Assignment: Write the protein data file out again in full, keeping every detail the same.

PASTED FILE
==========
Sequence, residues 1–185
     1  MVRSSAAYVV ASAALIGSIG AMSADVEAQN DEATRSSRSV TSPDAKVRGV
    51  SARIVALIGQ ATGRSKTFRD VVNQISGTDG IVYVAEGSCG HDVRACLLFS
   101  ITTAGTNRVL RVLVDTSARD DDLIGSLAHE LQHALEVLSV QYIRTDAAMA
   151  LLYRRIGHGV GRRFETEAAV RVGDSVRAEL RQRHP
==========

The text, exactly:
Sequence, residues 1–185
     1  MVRSSAAYVV ASAALIGSIG AMSADVEAQN DEATRSSRSV TSPDAKVRGV
    51  SARIVALIGQ ATGRSKTFRD VVNQISGTDG IVYVAEGSCG HDVRACLLFS
   101  ITTAGTNRVL RVLVDTSARD DDLIGSLAHE LQHALEVLSV QYIRTDAAMA
   151  LLYRRIGHGV GRRFETEAAV RVGDSVRAEL RQRHP